Editor's note: The 2018 AAP National Conference & Exhibition will take place from Nov. 2-6 in Orlando.
The Academy’s values and commitment to child health were put to the test this year by numerous challenges, including gun violence, family separation at the border, and the rise of opioid addiction and e-cigarette use.
“The Academy has taken on some of the largest national health challenges of our time, and we’ve done so in a way we can be proud of,” said Colleen A. Kraft, M.D., M.B.A., FAAP, who shared how the AAP tackled these challenges, with gun violence foremost among them.
“We renewed our call for a public health approach to keeping our children safe,” said Dr. Kraft, recalling the mass shooting at Marjory Stoneman Douglas High School in which student survivors spoke out against turning classrooms into war zones.
To stem the violence, the AAP launched the Gun Safety and Injury Prevention Initiative to bring together experts. In addition, Dr. Kraft shared AAP-backed firearm safety reforms that could co-exist with the Second Amendment.
“We can do this and we must do this because America will never be a healthy nation if we continue to be a violent one,” she said.
The Academy also turned its efforts to the southern border and the Department of Homeland Security’s (DHS’s) policy to separate parents and children to deter families from migrating to the U.S. After five letters to the DHS secretary outlining the harmful effects of this practice on child health, coupled with nearly 250 media interviews by pediatricians stressing the potential for toxic stress, DHS reversed the policy.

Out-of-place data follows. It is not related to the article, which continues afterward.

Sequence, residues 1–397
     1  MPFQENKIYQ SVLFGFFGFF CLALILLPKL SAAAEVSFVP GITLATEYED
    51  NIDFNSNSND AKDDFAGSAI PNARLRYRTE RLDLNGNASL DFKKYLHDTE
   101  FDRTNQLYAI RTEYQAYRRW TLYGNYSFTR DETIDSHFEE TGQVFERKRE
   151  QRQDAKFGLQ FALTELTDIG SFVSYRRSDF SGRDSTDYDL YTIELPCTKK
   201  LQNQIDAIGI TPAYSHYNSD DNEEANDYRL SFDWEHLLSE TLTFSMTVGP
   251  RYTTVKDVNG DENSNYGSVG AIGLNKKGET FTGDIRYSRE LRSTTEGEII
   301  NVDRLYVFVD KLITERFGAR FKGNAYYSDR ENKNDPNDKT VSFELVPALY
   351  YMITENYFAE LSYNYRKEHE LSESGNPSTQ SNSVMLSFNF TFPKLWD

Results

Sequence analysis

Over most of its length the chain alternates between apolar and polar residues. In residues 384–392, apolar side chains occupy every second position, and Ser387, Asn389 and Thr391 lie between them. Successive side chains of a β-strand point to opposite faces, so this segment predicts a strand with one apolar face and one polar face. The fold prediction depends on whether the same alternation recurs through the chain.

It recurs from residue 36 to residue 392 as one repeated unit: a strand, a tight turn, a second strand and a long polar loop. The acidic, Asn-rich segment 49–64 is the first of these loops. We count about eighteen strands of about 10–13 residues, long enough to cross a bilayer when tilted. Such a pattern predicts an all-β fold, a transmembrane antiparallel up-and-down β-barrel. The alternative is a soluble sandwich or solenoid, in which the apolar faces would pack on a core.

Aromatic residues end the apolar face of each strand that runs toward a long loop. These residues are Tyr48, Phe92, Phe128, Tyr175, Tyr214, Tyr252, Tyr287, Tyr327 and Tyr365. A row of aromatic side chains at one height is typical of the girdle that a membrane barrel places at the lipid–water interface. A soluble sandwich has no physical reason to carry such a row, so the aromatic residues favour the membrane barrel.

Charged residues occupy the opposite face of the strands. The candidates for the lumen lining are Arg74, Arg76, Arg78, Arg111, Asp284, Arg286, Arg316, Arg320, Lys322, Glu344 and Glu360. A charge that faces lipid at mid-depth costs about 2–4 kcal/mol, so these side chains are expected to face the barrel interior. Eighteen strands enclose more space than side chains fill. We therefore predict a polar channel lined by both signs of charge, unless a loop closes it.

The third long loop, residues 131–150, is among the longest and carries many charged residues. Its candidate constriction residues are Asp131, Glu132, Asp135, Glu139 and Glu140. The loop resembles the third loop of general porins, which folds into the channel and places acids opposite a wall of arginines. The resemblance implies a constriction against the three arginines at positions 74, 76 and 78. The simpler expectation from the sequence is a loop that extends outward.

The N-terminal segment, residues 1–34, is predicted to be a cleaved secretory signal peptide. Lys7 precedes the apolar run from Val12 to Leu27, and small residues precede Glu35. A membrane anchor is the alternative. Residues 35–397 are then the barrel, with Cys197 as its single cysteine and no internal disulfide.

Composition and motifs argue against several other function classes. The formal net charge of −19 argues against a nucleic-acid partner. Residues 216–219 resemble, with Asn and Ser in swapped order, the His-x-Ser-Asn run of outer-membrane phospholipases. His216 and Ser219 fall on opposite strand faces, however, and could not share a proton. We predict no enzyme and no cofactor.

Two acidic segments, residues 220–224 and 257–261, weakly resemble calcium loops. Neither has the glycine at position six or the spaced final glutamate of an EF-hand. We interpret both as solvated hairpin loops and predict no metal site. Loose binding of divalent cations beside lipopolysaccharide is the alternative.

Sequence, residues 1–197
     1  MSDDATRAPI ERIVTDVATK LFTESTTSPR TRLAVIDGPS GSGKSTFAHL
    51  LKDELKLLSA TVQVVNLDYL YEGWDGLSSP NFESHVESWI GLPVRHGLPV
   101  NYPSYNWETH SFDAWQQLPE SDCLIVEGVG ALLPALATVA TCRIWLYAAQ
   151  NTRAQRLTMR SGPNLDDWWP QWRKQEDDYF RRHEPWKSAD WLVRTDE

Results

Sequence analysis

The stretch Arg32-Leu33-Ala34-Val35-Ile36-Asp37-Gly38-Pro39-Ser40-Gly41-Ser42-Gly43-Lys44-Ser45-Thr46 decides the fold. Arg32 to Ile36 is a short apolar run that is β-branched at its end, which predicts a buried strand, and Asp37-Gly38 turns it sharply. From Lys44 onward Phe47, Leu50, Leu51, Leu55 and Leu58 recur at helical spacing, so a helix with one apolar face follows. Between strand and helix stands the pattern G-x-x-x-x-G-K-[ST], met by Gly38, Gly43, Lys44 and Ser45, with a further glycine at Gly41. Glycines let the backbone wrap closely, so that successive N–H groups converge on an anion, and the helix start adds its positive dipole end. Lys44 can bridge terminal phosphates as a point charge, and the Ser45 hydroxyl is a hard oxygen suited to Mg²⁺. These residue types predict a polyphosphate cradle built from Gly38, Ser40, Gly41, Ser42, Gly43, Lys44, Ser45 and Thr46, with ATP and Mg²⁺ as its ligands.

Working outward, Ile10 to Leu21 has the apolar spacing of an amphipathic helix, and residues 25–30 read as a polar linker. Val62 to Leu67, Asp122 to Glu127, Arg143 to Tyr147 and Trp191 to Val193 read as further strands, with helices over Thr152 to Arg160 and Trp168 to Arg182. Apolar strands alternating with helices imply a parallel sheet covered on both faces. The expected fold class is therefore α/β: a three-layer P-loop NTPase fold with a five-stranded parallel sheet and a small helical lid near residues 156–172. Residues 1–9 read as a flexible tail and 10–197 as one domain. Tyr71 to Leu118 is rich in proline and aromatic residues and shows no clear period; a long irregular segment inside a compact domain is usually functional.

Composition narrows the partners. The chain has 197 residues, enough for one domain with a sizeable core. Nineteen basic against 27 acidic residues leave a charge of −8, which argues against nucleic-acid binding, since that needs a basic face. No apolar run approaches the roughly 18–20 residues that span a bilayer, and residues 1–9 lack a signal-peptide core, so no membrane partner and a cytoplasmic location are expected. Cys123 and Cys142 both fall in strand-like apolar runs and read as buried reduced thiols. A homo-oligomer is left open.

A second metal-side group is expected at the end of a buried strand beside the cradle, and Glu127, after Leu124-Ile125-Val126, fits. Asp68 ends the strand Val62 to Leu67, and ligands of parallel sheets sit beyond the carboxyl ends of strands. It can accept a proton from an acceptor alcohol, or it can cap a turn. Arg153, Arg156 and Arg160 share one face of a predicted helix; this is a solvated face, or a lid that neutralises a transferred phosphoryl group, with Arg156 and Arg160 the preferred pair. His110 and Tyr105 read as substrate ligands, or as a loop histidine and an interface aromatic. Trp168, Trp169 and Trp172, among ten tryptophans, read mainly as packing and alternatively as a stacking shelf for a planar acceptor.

Dr. Kraft acknowledged that hundreds of immigrant children still are housed in detention facilities with their families. “Immigrant children are still children. And the Academy will continue to oppose any policy that exposes them to conditions that threaten their health.”
She touched on other social issues the AAP is addressing, including the rise in neonatal abstinence syndrome tied to the opioid epidemic, the popularity of e-cigarettes among teens, teen depression, and the battles of trans- and gender-diverse youths.
“This past year has shown me that our work and our values are not just a source of pride for us, but a source of hope for children and families,” said Dr. Kraft. “We never stood down, we never gave in and we never gave up.”
For more coverage of the 2018 AAP National Conference & Exhibition visit http://www.aappublications.org/content/aap-national-conference-2018 and follow @AAPNews on Twitter and Facebook.